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Indian cinema has portrayed a stereotypical image of the Indian mother in law. A dour faced, cock-eyed banshee. Is it so even today?
The Indian mother in law was always shown as a vicious termagant, conspiring and conniving and creating a rift among couples. The daughter in law was showered with aspersions regarding her upbringing or household chores, while the son was a mere spectator and a mute testimony to her evil designs.
Patriarchy had created problems in our society. Girls were uneducated, confined to the four walls of their house, home and hearth was their only source of entertainment. From their parental house to their marital house was their only life. Their prosaic existence created frustration and this was vented on the daughters in law. This went on for ages and the daughters in law bore this torment without retaliating.
But the eighties saw a paradigm shift in the thinking of people. Girls were given good education, they started having careers and procured good jobs. The mindset of the people took a new turn. Indian cinema too was instrumental in changing the perspective of people, by portraying liberal, glamorous mothers in law, who had a better equation with their daughters in law.
Today the mother in law has developed a swagger, and is on equal footing with her daughter in law.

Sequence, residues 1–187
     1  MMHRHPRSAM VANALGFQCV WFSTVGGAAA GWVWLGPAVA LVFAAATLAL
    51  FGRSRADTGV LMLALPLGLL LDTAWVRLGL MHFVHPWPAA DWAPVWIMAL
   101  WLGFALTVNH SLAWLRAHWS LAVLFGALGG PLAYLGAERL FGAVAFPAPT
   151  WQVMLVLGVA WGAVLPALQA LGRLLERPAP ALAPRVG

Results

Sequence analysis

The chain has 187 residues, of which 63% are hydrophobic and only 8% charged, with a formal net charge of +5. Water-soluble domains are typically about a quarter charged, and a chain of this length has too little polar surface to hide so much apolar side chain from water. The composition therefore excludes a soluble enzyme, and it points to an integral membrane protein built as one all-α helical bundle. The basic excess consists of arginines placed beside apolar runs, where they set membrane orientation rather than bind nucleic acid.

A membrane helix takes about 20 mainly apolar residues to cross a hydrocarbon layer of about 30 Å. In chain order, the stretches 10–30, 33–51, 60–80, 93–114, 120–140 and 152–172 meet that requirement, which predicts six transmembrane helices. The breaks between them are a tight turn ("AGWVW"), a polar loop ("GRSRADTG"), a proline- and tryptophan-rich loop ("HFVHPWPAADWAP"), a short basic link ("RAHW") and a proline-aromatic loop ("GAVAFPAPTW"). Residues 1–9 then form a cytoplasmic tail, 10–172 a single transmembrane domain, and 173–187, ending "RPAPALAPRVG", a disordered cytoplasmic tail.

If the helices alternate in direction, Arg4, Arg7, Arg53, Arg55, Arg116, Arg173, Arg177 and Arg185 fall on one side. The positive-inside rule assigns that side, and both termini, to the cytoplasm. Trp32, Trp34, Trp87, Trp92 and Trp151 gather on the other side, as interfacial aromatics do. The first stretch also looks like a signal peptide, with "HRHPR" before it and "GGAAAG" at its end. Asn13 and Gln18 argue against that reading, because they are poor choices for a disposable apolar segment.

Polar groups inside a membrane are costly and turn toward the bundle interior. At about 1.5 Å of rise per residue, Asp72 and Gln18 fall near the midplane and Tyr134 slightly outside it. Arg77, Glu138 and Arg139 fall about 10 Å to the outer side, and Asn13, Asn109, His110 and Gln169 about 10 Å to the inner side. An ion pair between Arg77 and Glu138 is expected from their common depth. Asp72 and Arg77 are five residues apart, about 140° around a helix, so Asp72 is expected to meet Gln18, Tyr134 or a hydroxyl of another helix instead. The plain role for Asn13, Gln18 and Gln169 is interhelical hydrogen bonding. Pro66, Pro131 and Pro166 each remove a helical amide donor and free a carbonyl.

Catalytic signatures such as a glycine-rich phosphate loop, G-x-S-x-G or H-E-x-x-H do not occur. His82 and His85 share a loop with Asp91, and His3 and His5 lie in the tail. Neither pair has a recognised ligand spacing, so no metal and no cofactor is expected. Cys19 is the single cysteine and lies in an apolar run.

Education and jobs have brought a great change. The Indian mother in law is well groomed, well toned, smart, confident, pleasant to talk to. Armed with diverse knowledge, she carries herself with poise, goes to salons and spas, reunions, pizzerias, parties, religious discourses, et al. Being tech savvy is the order of the day and in fact she shares an easy camaraderie with her daughter in law.
The villainous streak has been replaced by a liberal mind set. They don’t want to hang up their boots till the end.
They can be summed up in the lines of Robert Frost-
The woods are lovely, dark and deep
But I have miles to go, before I sleep!
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Education administrator at Urban Campus, Content Writer, Content Developer, working from home as proof-reader,
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